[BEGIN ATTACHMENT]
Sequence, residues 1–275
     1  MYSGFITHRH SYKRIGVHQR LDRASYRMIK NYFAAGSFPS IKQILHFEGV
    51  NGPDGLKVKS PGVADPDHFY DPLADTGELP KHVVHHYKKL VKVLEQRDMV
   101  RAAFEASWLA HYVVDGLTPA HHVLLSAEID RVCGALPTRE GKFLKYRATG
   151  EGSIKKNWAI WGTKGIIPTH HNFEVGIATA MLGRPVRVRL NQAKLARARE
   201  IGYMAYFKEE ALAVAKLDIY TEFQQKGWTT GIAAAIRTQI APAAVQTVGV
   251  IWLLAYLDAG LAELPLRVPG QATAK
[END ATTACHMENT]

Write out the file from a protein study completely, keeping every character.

Sequence, residues 1–275
     1  MYSGFITHRH SYKRIGVHQR LDRASYRMIK NYFAAGSFPS IKQILHFEGV
    51  NGPDGLKVKS PGVADPDHFY DPLADTGELP KHVVHHYKKL VKVLEQRDMV
   101  RAAFEASWLA HYVVDGLTPA HHVLLSAEID RVCGALPTRE GKFLKYRATG
   151  EGSIKKNWAI WGTKGIIPTH HNFEVGIATA MLGRPVRVRL NQAKLARARE
   201  IGYMAYFKEE ALAVAKLDIY TEFQQKGWTT GIAAAIRTQI APAAVQTVGV
   251  IWLLAYLDAG LAELPLRVPG QATAK